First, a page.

News / Asia

    Philippines Set to Vaccinate 1 Million Children in Typhoon Area

    A father and his children who survived the massive Typhoon Haiyan, wait for an evacuation flight on the tarmac of the airport in Tacloban, Philippines, Nov. 21, 2013.
    A father and his children who survived the massive Typhoon Haiyan, wait for an evacuation flight on the tarmac of the airport in Tacloban, Philippines, Nov. 21, 2013.
    Simone Orendain
    Two weeks after Super Typhoon Haiyan carved a path of destruction across the central Philippines, health officials are set to vaccinate one million children in the coming weeks. 

    More than 5,000 people perished in one of the most powerful cyclones recorded. Another 4.3 million people were left homeless by Haiyan.  Close to 10 percent of them are staying in evacuation centers.  And health officials are especially concerned about large groups of displaced people clustered together.

    Dr. Sigrun Roesel and other officials with the World Health Organization told reporters in Manila children are particularly vulnerable to highly contagious illnesses. 

    “We all are aware how many people have died in the disaster and it is now of utmost importance that we prevent more death to happen,” Roesel said.

    Health officials say in the typhoon-affected part of the country there are more than 320,000 children below the age of five.  

    The Philippine Health Department and the WHO are coordinating teams to give children measles shots, polio vaccinations and vitamin A.  Officials emphasize there are no polio cases in the country. However, they want to take preventive measures because a number of international travelers are visiting the typhoon area.  They say vitamin A is being included to help address malnutrition.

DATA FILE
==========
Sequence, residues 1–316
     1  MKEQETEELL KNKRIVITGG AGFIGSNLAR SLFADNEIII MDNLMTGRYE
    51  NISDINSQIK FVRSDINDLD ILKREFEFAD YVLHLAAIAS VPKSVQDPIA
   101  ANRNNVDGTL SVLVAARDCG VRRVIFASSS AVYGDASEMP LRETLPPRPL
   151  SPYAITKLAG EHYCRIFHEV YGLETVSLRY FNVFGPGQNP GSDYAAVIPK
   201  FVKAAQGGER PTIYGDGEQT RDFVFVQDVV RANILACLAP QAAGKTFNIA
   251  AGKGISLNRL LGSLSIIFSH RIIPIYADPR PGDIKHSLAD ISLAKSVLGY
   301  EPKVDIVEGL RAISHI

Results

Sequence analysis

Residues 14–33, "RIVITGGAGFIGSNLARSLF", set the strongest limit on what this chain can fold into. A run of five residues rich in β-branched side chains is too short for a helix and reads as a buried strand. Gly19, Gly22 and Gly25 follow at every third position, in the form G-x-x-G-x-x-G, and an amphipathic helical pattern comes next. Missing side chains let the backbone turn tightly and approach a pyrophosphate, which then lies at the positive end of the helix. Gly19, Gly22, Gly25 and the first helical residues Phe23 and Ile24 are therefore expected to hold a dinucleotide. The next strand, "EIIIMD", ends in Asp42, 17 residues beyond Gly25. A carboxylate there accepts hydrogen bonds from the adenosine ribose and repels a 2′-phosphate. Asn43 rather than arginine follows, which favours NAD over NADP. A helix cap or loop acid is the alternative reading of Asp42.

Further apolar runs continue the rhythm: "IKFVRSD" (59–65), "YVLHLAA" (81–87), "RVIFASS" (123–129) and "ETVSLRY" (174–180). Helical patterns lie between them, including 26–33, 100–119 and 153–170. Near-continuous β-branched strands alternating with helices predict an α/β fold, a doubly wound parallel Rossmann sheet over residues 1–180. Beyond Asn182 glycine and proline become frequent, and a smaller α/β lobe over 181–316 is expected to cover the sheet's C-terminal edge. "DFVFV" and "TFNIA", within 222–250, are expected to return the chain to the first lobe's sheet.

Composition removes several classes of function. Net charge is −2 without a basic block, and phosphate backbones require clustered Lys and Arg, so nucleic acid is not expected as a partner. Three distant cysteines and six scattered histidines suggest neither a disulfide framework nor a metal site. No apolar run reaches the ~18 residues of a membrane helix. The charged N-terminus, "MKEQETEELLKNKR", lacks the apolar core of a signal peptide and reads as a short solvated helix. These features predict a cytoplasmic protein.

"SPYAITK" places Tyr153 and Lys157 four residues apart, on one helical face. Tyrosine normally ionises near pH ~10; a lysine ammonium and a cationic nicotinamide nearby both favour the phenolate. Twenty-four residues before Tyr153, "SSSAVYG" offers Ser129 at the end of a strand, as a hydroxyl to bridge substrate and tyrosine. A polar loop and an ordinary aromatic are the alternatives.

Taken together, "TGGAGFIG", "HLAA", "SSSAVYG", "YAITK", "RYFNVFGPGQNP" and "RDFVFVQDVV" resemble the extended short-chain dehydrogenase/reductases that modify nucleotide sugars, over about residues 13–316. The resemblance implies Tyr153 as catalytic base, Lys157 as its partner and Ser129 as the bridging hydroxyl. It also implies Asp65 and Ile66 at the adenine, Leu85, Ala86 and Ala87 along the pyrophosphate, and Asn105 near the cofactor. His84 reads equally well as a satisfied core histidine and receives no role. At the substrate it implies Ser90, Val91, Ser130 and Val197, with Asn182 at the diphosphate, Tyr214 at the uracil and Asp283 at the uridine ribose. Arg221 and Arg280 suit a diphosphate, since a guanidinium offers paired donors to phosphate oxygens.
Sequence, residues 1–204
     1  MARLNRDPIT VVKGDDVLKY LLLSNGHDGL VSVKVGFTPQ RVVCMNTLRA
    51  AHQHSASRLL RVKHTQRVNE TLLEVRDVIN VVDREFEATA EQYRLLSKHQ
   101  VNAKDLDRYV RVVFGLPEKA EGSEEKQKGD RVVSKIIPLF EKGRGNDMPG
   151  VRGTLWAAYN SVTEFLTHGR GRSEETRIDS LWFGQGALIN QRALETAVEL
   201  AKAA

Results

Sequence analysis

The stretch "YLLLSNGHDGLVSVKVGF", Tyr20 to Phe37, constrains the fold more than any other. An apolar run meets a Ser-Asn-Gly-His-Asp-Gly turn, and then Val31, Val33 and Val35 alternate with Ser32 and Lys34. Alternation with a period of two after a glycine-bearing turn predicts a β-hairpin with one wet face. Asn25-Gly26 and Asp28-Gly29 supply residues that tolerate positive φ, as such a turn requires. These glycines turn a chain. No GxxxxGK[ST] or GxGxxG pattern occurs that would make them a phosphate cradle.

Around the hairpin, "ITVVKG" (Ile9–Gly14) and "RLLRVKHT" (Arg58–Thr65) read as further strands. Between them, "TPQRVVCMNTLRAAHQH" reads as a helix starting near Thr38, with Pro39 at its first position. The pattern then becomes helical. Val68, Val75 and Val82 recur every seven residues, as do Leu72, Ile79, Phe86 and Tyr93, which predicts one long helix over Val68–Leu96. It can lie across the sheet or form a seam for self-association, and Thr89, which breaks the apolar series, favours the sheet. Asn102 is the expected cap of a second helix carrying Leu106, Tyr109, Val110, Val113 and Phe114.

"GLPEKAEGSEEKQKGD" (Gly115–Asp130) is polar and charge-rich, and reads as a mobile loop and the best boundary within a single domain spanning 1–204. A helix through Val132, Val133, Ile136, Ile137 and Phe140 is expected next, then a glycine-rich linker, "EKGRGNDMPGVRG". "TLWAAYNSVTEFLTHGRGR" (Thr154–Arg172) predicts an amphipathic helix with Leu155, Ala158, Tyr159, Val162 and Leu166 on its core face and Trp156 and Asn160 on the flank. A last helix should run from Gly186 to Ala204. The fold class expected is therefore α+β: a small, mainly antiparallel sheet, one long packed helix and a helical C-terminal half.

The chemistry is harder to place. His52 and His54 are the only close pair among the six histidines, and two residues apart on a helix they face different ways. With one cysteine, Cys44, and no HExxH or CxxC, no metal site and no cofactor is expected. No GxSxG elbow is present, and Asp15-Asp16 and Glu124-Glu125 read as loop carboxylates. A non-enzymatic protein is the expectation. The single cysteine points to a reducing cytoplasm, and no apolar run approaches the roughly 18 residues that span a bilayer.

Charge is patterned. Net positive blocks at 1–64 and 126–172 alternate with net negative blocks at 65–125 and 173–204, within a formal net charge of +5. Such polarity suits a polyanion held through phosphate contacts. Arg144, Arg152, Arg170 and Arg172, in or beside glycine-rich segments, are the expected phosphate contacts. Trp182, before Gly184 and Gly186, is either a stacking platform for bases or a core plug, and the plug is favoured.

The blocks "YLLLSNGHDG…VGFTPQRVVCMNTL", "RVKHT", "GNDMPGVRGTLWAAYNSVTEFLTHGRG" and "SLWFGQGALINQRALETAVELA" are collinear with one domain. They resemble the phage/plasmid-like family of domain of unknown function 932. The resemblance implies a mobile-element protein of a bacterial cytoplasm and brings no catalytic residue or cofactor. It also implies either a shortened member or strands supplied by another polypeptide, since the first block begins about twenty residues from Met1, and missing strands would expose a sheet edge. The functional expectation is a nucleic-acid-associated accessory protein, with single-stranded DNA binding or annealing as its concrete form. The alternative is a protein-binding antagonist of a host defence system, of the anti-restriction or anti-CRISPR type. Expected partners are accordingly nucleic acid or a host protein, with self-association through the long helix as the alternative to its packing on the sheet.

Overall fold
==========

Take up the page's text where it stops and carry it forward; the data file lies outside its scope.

WHO Country Representative Dr. Julie Hall said there are some cases of measles in the Philippines.

    “This is one of the poorest parts of the Philippines that’s been hit by the typhoon.  So those children we could expect, if there was a measles outbreak, for it to spread fairly quickly.," she explained. "And unfortunately we would then see quite a number of deaths from children but also damage- brain damage, hearing damage, other damage to the children.

    Dr. Hall said apart from measles, health workers are also on alert for any spike in diarrhea and vomiting because of dirty water.  She said mosquito-borne diseases like dengue and malaria are also a concern.

    The Department of Health says more than 1,100 clinics and about 80 hospitals were partially damaged or destroyed by Haiyan.

    Health Department Secretary Dr. Enrique Ona said 24,000 births are expected in the typhoon-battered provinces over the next month.